WASHINGTON — The House Intelligence Committee released a final report on its Russia investigation Friday that criticized the Trump campaign for "poor judgment and ill-conceived actions" in dealing with the Russians but concluded that there is no evidence the campaign colluded with the Kremlin to influence the 2016 election.
The Republican majority had already announced its "no collusion" finding last month, but it has now released the actual 243-page report detailing its conclusions.
The report cites as "poor judgement" the June 2016 meeting at the Trump Tower in New York between members of the Trump campaign — including Donald Trump Jr., Jared Kushner, who is Trump's son-in-law; and former campaign chairman Paul Manafort — and a Russian attorney who "who falsely purported to have damaging information on the Clinton campaign."
"The Committee also found the Trump campaign's periodic praise for and communications with Wikileaks — a hostile foreign organization — to be highly objectionable and inconsistent with U.S. national security interests," the report said.
Still, the GOP committee members found that "when asked directly, none of the interviewed witnesses provided evidence of collusion, coordination, or conspiracy between the Trump campaign and the Russian government." The report also found "no evidence that President Trump's pre-campaign business dealings formed the basis for collusion during the campaign."
The Republican majority also criticized Democrat Hillary Clinton's campaign and the Democratic National Committee for trying to obscure their role in paying for opposition research on Trump. That research resulted in the now infamous "Steele dossier," which contained salacious and unsubstantiated allegations that Trump met with prostitutes in a Moscow hotel room.
President Trump immediately hailed the report as proof that his campaign did not collude with the Russians, tweeting that the "witch hunt" of the Russia investigation "must end now!"
While the report released Friday officially ends the House Intelligence Committee's bitterly partisan investigation, probes are continuing in the Senate Intelligence Committee and, to a lesser extent, in the Senate Judiciary Committee. Most importantly, Special Counsel Robert Mueller is continuing his Russia investigation on behalf of the Department of Justice.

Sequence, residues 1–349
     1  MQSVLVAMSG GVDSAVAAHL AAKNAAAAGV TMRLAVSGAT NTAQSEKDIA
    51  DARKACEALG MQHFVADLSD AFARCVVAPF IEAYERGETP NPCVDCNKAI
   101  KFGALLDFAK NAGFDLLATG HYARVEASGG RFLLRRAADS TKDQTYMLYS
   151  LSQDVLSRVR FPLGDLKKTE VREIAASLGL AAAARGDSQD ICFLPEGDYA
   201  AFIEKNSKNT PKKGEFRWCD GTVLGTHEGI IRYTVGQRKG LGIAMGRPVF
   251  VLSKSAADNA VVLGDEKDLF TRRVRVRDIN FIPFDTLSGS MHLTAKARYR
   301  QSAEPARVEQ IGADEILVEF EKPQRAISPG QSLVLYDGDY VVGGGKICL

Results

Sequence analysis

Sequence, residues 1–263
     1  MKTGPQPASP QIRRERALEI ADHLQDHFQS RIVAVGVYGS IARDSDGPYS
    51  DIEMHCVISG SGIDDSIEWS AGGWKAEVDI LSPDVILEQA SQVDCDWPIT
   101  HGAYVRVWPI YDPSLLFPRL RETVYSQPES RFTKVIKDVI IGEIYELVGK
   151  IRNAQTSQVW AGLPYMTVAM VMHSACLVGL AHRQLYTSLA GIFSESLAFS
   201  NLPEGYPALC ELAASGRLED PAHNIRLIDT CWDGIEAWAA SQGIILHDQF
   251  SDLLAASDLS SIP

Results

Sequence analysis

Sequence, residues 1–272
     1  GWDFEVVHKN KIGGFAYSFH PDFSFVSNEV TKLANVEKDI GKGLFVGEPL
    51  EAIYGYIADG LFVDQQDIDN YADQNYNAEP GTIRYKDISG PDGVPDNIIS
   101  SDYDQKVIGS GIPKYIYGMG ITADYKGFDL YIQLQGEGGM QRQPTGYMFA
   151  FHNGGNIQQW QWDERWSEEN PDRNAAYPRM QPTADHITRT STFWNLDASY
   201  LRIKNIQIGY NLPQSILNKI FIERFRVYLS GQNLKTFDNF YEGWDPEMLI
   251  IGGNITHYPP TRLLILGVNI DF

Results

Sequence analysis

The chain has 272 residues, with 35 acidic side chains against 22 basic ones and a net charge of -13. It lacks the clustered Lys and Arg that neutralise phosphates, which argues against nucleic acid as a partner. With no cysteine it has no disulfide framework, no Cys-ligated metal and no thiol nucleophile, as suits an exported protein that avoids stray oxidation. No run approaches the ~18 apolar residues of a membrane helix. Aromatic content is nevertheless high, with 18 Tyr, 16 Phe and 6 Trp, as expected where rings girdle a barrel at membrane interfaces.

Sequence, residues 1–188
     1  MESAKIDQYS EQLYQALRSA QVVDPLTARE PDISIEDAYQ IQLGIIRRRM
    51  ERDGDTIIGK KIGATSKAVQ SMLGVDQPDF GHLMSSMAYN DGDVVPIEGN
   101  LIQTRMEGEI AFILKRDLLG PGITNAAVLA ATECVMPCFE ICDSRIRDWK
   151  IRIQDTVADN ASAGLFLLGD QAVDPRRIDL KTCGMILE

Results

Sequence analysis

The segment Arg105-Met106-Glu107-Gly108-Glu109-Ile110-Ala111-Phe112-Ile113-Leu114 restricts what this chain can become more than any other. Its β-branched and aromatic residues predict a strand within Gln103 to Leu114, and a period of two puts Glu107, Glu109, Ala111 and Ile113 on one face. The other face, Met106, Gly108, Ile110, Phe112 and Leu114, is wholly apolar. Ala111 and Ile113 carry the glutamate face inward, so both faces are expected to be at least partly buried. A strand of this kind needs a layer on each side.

Democrats on the Intelligence Committee charged that their Republican colleagues ignored evidence of collusion because they wanted to protect Trump.
"Throughout the investigation, Committee Republicans chose not to seriously investigate — or even see, when in plain sight — evidence of collusion between the Trump campaign and Russia, instead adopting the role of defense counsel for key investigation witnesses," said Rep. Adam Schiff of California, the committee's senior Democrat.
"In fact," Schiff said, "we found evidence of collusion in the abundant secret meetings and communications between Trump campaign officials and associates such as Paul Manafort, Rick Gates, George Papadopoulos, Donald Trump Jr., Michael Flynn, Carter Page, and others, with emissaries and officials from, or linked to the Russian government. The Trump campaign and Administration’s efforts to deny, conceal and, when discovered, misrepresent what took place in these interactions with the Russians is powerful evidence of a consciousness of wrongdoing."
Schiff said Americans must now rely on Mueller to do the job the polarized committee could not do.
"To determine whether this evidence of collusion reaches the level of proof beyond a reasonable doubt of criminal conspiracy, we must await the report of Special Counsel Robert Mueller, since the Majority refused to interview the witnesses and obtain the documents necessary to find out," he said. "Regardless, there is no denying the abundant evidence that the Trump campaign sought, and was eager to accept, the assistance of a hostile foreign power bent on interfering in our election."